(Adds additional economist comment)
ISTANBUL, June 17 (Reuters) - Turkey’s central bank said on Monday it will extend a liquidity facility to primary-dealer banks with an interest rate set at 23%, below its 24% policy rate, a move expected to lower the average cost of funding.
The facility would be limited in part by domestic government debt purchased by the banks through Treasury auctions, it said.
The move appeared to hint at a reversal after a series of unorthodox efforts by the central bank and state banks in the face of a renewed lira selloff since March. Last year, Turkey’s economy tipped into recession after a full-blown currency crisis.
The central bank said the infusion would contribute to “the deepening of financial markets and the effectiveness of monetary policy.”
Last week, the bank left its policy rate on hold and in a statement highlighted the improvement in inflation. According to a Reuters poll, economists predict a formal policy easing as soon as July.
The lira stood at 5.8795 against the dollar at 1023 GMT, slightly firmer than Friday’s close of 5.8910. The lira did not substantially move after the liquidity step.
The effect and size of the new liquidity facility will need to be observed to predict the outcome, said Inan Demir, senior emerging market economist at Nomura, adding that the move would lower average cost of funding for the banking sector.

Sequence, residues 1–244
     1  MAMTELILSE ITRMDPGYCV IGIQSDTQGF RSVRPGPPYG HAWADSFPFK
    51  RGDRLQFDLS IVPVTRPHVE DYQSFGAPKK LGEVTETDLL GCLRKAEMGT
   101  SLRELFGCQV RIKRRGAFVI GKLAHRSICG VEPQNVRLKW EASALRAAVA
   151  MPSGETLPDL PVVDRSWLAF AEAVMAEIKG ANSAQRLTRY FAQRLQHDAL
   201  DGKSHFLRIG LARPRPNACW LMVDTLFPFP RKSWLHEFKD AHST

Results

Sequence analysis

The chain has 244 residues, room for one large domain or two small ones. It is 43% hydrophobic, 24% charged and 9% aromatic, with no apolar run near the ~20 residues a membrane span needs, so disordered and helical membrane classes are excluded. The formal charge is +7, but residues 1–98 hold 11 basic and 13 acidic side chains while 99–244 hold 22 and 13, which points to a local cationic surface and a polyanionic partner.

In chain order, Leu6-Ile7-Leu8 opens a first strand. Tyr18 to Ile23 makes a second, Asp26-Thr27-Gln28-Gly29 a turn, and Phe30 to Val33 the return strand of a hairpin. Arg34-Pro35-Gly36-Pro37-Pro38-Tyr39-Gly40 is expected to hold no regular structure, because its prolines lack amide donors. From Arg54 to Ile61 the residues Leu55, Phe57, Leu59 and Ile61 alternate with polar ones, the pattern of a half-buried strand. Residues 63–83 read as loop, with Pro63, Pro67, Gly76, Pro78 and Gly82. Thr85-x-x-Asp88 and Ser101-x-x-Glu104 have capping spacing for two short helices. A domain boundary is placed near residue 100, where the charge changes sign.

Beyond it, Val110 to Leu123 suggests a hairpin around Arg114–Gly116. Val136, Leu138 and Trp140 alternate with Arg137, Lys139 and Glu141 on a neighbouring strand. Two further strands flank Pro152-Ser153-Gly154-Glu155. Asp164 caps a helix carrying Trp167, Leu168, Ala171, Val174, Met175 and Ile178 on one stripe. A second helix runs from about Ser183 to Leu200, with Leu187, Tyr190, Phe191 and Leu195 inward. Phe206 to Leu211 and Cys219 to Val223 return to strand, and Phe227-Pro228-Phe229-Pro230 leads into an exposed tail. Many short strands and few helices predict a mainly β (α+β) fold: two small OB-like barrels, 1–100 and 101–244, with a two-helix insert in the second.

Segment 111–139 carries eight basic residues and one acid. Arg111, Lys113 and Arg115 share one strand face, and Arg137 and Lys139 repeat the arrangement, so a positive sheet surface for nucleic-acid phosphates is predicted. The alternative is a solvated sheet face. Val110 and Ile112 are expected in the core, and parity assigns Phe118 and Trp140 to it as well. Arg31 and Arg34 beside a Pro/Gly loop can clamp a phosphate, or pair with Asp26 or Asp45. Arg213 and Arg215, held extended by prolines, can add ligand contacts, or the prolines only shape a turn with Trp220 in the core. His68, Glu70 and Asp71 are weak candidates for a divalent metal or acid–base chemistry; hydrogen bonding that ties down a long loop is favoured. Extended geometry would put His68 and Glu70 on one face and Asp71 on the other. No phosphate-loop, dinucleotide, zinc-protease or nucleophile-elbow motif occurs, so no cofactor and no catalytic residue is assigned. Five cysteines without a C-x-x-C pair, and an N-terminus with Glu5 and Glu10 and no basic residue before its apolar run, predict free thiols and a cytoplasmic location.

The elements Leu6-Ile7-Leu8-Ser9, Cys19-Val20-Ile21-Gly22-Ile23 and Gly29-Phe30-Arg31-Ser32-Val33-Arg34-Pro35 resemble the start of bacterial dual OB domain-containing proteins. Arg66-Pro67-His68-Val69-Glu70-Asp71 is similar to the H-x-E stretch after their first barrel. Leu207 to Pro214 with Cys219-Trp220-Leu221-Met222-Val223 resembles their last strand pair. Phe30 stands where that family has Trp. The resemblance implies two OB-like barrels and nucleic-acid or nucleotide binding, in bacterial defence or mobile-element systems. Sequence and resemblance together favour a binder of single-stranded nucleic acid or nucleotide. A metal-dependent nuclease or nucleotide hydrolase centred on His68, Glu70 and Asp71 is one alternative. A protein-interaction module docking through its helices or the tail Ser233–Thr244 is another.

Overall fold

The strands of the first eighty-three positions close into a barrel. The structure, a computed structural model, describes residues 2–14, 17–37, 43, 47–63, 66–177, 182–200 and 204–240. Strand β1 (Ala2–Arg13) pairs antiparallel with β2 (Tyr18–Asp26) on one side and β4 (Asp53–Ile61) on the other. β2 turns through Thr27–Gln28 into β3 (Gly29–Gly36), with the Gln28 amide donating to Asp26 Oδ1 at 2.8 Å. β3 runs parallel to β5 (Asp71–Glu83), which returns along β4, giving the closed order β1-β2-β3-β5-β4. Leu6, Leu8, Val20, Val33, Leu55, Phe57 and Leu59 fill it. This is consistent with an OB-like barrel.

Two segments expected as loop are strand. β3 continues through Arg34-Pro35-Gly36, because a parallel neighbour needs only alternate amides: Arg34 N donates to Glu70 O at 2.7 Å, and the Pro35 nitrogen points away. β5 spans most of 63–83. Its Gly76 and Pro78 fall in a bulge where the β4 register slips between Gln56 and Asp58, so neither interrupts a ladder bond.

“The main objective is to facilitate higher demand and participation in the new government domestic issuances,” Demir said. “It is going to lead to easier domestic monetary conditions, because the average funding costs will come down – but how much, we will have to see.”
The facility will be used through overnight repo transactions, and will have a limited share within the overall central bank funding, the central bank said.
“We can look at the central bank move as a way to support treasury auctions and easing of cost of funding rather than an interest rate cut,” a banker said.
“It seems to be easing by the backdoor,” Guillaume Tresca, Senior EM Strategist at Credit Agricole, said on Twitter after the move. “It is not a full rate cut but it looks like a rate cut. Again, it is not good in terms of credibility in Turkey.” (Reporting by Ezgi Erkoyun and Ebru Tuncay; Additional reporting by Karin Strohecker in London Editing by Jonathan Spicer)